Ecology, Distribution And Risk Of Transmission Of Viral Haemorrhagic Fevers By Aedes Mosquitoes Around The Port Areas Of Tema, Southern Ghana

ABSTRACT The genus Aedes (Diptera: Culicidae) consists of mosquitoes that are of medical and veterinary importance. They are known to serve as vectors for several arboviruses that cause diseases such as yellow fever, dengue, chikungunya and zika. These arboviruses initially circulate among wild animals with transmission to humans and agriculturally important domestic animals made possible through vectors such as mosquitoes. This therefore prompts the importance and necessity for species identification which is considered pivotal for a successful control strategy. Since the only current information on Aedes species composition in Ghana is however lacking especially when the only comprehensive study on Aedes mosquitoes in the country dates back to 1971. This study was therefore aimed at generating baseline ecological and entomological information on the different species of Aedes mosquitoes in the Port areas of Tema which consist of Golden Jubilee Terminal area of Tema Port, Tema Community One and Tema New Town, especially to delineate the extent of distribution of the invasive species Aedes albopictus which is currently being introduced into various countries through importation of used tyres. The mosquitoes from this study were collected using human landing catches, ovitraps and larval collections for a period of six months. A total of four hundred and four (404) households were surveyed for larval collections using a simple random sampling method throughout the period of survey which covered rainy and dry seasons. Mosquito larval survey was carried out using pipette, scooper or ladle depending on the container type. Ovitraps were set around the three study sites to obtain Aedes mosquito eggs. A total of 1,092 containers were inspected in both seasons and of these, 237 (21.7 %) were positive for mosquito larvae or pupae in the rainy season while 181 (16.6 %) were positive in the dry season. A total of 6,498 mosquitoes were collected and identified morphologically using taxonomic keys. Of these, 6,038 (92.9 %) were Aedes aegypti, 337 (5.2 %) were Culex spp and 123 (1.9 %) were Anopheles gambiae. The total number of mosquitoes obtained per area included 3,053 (47 %) from Tema Community One, 3,057 (47 %) from Tema New Town and 388 (6 %) from Golden Jubilee Terminal area. The Ae. aegypti larvae were found in a number of water holding containers which included disposed plastic containers, earthenware pots, car tyres, plastic barrels, plastic basins, buckets, metal drums, jerrycans and polytanks. The species was prevalent in plastic basins (36.9 %), plastic barrels (21.5 %) and car tyres (13.4 %). A high proportion of Ae. aegypti (72.1 %) eggs were found in the ovitraps during the rainy season compared to 24.9 % during the dry season. Most of the mosquito breeding occurred in the rainy season and there was a significant association between species and breeding sites (χ2 = 461.154, df = 16, P < 0.001) during both xv seasons. Ae. aegypti was the most common mosquitoes biting mostly outdoors (65.6 %) with more bites occurring in the rainy season (63.6 %) in the two residential sites (Tema Community One and Tema New Town). The risk of transmission of viral haemorrhagic fever in the study sites were assessed using House Index, Container Index, Breteau Index and were respectively as follows: Tema Community One (34.2 %, 39.4 % and 108.3 % for rainy and 23.3 %, 31.7 % and 82.5 % for dry season), Tema New Town (41.3 %, 44.9 % and 134.7 % for rainy and 28 %, 40.6 % and 109.3 % for dry season) and Golden Jubilee Terminal (14.3 %, 28.6 % and 85.7 % for rainy and 0 % for all in dry season). The man-vector contact rates for the two residential sites were 1.5 and 0.8 bites per man hour in the rainy and dry seasons respectively for Tema Community One and 1.3 and 0.8 bites per man hour in the rainy and dry seasons for Tema New Town. These observations indicate that the risk of transmission of viral haemorrhagic fevers in the study sites is highly probable.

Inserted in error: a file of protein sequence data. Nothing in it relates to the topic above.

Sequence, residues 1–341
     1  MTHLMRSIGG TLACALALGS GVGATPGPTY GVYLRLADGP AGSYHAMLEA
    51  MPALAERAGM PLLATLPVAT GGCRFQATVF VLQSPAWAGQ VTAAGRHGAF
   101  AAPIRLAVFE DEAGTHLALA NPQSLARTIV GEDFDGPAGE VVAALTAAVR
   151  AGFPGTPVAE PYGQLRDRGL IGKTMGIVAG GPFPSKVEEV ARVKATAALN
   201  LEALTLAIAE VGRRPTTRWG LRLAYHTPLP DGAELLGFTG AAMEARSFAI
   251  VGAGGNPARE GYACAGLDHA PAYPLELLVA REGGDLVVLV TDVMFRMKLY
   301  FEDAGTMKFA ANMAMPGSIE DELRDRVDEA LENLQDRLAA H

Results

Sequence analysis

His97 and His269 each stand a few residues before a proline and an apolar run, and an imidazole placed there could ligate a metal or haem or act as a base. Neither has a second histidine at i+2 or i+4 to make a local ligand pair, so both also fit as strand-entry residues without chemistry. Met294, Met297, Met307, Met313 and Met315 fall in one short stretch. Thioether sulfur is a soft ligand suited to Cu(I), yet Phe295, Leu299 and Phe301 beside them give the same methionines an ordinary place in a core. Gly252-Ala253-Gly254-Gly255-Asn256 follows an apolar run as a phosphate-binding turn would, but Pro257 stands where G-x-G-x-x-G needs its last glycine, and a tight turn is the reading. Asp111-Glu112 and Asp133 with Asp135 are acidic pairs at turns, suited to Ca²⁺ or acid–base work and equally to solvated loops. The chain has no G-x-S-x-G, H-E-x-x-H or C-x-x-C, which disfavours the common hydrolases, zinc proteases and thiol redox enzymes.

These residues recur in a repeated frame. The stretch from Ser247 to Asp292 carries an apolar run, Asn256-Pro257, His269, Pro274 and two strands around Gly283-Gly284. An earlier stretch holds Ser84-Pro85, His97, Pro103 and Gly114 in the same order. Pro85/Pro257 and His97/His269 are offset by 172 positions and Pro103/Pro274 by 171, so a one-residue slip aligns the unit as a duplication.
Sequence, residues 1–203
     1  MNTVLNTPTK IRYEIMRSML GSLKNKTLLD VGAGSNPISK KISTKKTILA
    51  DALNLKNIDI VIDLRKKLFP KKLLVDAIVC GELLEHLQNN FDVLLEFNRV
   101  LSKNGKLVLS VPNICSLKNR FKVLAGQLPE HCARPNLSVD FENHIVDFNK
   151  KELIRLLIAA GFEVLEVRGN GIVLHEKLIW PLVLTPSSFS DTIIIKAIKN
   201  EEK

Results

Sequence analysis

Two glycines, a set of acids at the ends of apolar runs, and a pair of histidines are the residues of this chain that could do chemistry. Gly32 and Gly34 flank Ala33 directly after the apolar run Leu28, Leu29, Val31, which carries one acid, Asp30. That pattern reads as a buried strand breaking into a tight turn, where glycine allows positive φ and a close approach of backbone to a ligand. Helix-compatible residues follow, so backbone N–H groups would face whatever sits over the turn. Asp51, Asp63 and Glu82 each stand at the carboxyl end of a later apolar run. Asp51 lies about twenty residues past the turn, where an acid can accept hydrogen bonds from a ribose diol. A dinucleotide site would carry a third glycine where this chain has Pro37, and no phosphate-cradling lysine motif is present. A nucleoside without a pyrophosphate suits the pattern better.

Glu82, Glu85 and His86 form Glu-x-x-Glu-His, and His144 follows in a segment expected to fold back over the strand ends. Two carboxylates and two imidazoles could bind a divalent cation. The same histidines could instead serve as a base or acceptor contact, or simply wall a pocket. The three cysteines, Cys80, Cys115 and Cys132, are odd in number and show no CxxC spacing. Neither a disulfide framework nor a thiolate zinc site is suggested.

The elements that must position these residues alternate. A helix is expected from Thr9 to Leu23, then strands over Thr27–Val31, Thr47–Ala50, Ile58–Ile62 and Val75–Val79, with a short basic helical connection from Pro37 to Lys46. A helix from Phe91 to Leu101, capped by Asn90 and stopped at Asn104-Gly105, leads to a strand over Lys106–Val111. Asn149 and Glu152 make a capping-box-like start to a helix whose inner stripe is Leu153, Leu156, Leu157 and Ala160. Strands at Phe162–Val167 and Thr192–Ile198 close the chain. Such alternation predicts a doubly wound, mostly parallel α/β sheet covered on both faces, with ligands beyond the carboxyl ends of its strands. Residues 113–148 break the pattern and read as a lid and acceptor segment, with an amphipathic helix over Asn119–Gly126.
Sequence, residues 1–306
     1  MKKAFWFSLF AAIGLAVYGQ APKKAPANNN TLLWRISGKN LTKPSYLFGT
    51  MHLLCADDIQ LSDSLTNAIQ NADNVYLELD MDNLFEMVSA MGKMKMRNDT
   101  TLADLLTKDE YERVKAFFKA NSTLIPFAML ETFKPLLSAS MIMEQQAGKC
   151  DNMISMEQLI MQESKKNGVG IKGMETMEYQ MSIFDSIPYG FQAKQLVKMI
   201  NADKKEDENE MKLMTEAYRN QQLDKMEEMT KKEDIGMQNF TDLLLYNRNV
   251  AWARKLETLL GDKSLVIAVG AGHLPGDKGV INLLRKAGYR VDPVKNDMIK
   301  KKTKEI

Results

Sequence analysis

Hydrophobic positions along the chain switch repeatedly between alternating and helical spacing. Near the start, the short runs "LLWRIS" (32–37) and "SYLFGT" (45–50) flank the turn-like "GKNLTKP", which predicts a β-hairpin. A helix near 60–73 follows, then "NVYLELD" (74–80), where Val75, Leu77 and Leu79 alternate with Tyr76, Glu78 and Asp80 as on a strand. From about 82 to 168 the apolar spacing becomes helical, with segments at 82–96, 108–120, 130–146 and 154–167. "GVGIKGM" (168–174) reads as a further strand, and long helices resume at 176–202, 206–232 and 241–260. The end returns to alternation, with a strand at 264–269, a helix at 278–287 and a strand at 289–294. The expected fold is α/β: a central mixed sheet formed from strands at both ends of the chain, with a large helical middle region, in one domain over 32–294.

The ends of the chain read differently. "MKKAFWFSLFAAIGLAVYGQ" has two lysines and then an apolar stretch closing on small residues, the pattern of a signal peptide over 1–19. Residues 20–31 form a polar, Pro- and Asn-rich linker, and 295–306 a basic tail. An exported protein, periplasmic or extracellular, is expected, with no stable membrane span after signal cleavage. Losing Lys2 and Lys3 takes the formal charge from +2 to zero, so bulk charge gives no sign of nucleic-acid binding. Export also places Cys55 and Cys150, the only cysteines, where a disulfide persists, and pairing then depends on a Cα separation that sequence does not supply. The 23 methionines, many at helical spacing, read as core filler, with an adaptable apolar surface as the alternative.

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APA

CHUKWUEMEKA, O (2021). Ecology, Distribution And Risk Of Transmission Of Viral Haemorrhagic Fevers By Aedes Mosquitoes Around The Port Areas Of Tema, Southern Ghana. Afribary. Retrieved from https://afribary.com/works/ecology-distribution-and-risk-of-transmission-of-viral-haemorrhagic-fevers-by-aedes-mosquitoes-around-the-port-areas-of-tema-southern-ghana

MLA 8th

CHUKWUEMEKA, OJUKWU "Ecology, Distribution And Risk Of Transmission Of Viral Haemorrhagic Fevers By Aedes Mosquitoes Around The Port Areas Of Tema, Southern Ghana" Afribary. Afribary, 11 Apr. 2021, https://afribary.com/works/ecology-distribution-and-risk-of-transmission-of-viral-haemorrhagic-fevers-by-aedes-mosquitoes-around-the-port-areas-of-tema-southern-ghana. Accessed 24 Jul. 2024.

MLA7

CHUKWUEMEKA, OJUKWU . "Ecology, Distribution And Risk Of Transmission Of Viral Haemorrhagic Fevers By Aedes Mosquitoes Around The Port Areas Of Tema, Southern Ghana". Afribary, Afribary, 11 Apr. 2021. Web. 24 Jul. 2024. < https://afribary.com/works/ecology-distribution-and-risk-of-transmission-of-viral-haemorrhagic-fevers-by-aedes-mosquitoes-around-the-port-areas-of-tema-southern-ghana >.

Chicago

CHUKWUEMEKA, OJUKWU . "Ecology, Distribution And Risk Of Transmission Of Viral Haemorrhagic Fevers By Aedes Mosquitoes Around The Port Areas Of Tema, Southern Ghana" Afribary (2021). Accessed July 24, 2024. https://afribary.com/works/ecology-distribution-and-risk-of-transmission-of-viral-haemorrhagic-fevers-by-aedes-mosquitoes-around-the-port-areas-of-tema-southern-ghana